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Battelle Helps Homeland Security Prep For "Dirty Bomb" Attack

A Battelle scientist works with hazordous materials.

Columbus-based Battelle is helping federal officials prepare for a potential radiological, or “dirty bomb” terrorist attack in a U.S. city.

For more than a decade, federal safety and environmental agencies have planned responses for such an attack.  Battelle research scientist Ryan James says in the event of a 'dirty bomb' explosion the initial damage would be limited.

“Generally speaking there is an explosion or a blast zone that is a very localized area maybe whether it would be in downtown area or wherever it would explode and that impacts the destruction of property there in the most immediate few square feet,” James says.

But, James says a device that mixes radioactive elements with conventional explosives would endanger residents in a much wider area.

"The more extensive impact can be with a plume as the radio nucleotides ride on the wind or air currents and can impact and then fall out of the air miles or many miles away.”

In city environments, clean-up from "dirty bombs" would require decontamination of buildings in the so-called 'hot zone' where fallout occurred. This week, Battelle demonstrated effectiveness of some of the decontamination products at its King Avenue headquarters, including a foam sprayed on buildings that would remove nuclear residue.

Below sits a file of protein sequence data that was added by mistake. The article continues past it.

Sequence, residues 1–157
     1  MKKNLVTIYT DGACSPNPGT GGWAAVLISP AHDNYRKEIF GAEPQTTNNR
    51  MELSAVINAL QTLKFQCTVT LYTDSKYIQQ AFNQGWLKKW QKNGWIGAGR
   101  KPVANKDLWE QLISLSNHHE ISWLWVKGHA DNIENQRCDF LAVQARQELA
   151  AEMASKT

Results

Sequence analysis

"We get to see in real world environments whether these approaches are effective, whether they work,” says the Department of Homeland Security’s Ben Davidson, who was on hand for a demonstration.

“We cannot afford to find out the answer to that question in the midst of an event."

Stevenson says some decontamination approaches and technologies have been oversold. The claims some vendors have made have not been as effective as advertised. He says preparation among U.S. cities for a 'dirty bomb' attack is a work in progress.

“Obviously, larger cities than Columbus have put resources into place. I can't speak to every city in the U.S., every community in the U.S., but the ones I've engaged with and been able to interact with, they've invested and gone a long way to make sure their communties are prepared to deal with these events."

Stevenson says while in Columbus, he's also looking for less expensive and innovative ways to decontaminate buildings and public structures in the event of a radiological attack.